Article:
Neutrophils are related to both protective innate immunity and allergic inflammation. They migrate very fast towards the site of infection, fight the pathogens through phagocytosis and extracellular DNA trap (NETosis). Circulating neutrophils are a predominant cell lineage among leukocytes, making up 45–75%, but in healthy children from 4–5-days-old to 4–5 years of age, lymphocytes are prevalent over neutrophils in the bloodstream. The cytoplasm of the cells comprises 200 granules of three types: (i) larger azurophilic containing myeloperoxidase, α defensins, neutrophil elastase, and bactericidal/permeability-increasing protein; (ii) smaller specific granules possessing NADPH oxidase (responsible for reactive oxygen species - ROS), lysozyme, lactoferrin, cathelicidin, and histaminase; and (iii) tertiary granules, which contain metalloproteinases (collagenase and gelatinase).

In the last decade, some new neutrophil phenotypes in homeostasis and diseases have been described, including tumors (N1 and N2), but the origin of at least part of the additional blood neutrophil phenotypes remains unestablished. A wide range of cytokines and chemokines regulate the neutrophil activity, including IL-17, IL-8 (CXCL8) and chemokines predominantly of the CXCL subfamily: CXCL1 (GROα), CXCL2 (MIP-2α), CXCL3 (MIP-2β), etc., and use chemokine receptors belonging to G-protein–coupled receptors family. Neutrophils express many cell surface receptors for recognizing the inflammatory environment.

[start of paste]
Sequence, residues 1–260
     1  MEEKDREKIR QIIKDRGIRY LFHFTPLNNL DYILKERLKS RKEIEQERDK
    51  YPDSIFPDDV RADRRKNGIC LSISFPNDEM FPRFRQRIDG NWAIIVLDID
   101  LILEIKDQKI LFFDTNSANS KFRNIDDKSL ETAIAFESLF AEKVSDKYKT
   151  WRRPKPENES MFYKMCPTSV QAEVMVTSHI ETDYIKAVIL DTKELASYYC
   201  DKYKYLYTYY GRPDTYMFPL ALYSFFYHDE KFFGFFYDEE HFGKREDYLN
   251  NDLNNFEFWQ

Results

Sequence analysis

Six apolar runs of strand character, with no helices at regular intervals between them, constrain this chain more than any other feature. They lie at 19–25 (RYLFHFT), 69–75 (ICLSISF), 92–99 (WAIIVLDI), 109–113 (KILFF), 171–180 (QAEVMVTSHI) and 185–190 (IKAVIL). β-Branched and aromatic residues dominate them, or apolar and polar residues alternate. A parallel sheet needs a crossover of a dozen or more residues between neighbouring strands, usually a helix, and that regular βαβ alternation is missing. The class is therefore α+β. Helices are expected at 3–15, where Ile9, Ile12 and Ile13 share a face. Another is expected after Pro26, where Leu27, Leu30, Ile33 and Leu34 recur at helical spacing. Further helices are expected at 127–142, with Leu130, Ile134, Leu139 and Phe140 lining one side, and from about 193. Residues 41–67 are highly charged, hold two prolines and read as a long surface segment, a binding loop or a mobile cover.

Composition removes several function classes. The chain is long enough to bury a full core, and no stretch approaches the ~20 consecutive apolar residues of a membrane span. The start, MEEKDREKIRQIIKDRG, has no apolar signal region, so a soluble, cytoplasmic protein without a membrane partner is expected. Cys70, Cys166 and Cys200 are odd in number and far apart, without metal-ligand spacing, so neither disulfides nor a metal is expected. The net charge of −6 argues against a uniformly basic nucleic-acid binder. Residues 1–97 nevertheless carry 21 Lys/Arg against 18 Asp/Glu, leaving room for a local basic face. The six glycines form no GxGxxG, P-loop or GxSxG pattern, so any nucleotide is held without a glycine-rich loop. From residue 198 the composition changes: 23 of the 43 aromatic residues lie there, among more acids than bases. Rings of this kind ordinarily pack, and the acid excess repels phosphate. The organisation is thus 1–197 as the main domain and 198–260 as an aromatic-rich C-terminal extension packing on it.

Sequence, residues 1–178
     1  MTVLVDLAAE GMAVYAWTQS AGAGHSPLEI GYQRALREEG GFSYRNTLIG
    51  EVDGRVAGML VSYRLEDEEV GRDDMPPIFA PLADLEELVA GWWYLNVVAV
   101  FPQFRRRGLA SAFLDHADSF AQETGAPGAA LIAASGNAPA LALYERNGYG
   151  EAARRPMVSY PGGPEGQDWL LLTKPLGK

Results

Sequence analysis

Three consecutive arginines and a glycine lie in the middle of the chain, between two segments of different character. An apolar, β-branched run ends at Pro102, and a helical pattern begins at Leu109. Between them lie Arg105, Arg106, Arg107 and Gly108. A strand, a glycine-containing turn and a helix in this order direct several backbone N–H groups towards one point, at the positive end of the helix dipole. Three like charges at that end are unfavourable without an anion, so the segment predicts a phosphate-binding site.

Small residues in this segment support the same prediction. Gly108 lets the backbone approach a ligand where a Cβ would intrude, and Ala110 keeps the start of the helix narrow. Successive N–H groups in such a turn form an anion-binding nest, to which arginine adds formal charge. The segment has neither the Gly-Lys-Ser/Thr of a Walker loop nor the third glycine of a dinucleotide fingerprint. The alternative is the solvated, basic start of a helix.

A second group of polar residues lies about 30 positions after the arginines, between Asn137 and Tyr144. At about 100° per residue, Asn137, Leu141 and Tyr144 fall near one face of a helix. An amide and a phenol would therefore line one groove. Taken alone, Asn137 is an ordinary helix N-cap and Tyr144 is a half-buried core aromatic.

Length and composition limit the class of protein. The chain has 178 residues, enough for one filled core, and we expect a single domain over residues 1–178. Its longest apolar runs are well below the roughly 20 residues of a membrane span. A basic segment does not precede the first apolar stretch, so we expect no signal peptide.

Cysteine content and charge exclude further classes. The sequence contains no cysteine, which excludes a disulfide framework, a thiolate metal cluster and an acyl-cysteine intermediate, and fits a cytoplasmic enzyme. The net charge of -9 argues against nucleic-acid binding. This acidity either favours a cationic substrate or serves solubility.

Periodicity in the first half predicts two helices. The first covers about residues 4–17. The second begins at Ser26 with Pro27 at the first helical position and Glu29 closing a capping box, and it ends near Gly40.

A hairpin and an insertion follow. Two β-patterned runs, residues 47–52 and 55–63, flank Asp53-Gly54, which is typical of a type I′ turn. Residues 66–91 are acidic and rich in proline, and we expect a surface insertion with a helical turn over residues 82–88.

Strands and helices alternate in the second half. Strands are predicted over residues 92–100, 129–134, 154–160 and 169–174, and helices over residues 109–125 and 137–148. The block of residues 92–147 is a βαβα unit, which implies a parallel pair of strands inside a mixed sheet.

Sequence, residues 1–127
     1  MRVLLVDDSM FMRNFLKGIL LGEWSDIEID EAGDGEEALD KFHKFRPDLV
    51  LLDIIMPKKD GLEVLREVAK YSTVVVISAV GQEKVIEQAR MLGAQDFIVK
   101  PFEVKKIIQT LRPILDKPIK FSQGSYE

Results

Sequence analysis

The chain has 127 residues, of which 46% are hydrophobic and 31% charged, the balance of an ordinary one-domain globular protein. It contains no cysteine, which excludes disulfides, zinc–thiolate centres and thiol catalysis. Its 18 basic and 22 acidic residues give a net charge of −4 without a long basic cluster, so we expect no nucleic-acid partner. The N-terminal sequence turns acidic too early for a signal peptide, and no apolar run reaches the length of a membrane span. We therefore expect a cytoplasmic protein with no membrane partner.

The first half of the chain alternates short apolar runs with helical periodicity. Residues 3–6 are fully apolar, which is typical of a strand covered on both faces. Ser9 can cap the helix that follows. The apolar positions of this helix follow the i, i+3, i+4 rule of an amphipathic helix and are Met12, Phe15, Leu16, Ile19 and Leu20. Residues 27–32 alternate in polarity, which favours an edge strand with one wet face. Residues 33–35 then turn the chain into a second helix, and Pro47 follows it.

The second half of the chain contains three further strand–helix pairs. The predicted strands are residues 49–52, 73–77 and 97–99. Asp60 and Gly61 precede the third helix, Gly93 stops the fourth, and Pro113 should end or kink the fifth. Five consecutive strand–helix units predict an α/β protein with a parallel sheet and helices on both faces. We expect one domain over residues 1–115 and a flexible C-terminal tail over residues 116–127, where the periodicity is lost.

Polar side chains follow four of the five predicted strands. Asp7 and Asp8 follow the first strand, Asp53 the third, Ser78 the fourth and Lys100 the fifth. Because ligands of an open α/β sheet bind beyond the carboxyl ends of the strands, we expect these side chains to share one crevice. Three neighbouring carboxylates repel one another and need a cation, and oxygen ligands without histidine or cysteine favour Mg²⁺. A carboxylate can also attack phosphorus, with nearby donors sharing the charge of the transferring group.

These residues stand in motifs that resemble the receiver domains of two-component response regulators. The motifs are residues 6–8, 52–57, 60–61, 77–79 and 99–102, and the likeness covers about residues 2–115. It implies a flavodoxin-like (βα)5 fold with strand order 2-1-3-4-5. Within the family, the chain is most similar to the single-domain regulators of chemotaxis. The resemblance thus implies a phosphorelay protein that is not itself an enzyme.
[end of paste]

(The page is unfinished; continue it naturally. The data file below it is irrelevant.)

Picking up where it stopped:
Some years ago, a new role of neutrophils in allergy was revised. Neutrophils and allergen-specific T cells accumulate in patients with allergic late-phase reactions, making allergic inflammation more severe, e.g., Th2-low/Th17/neutrophilic endotype in asthma. In the local cytokine environment, neutrophils are converted into functional antigen-presenting cells and activate allergen-specific effector CD4+ T cells.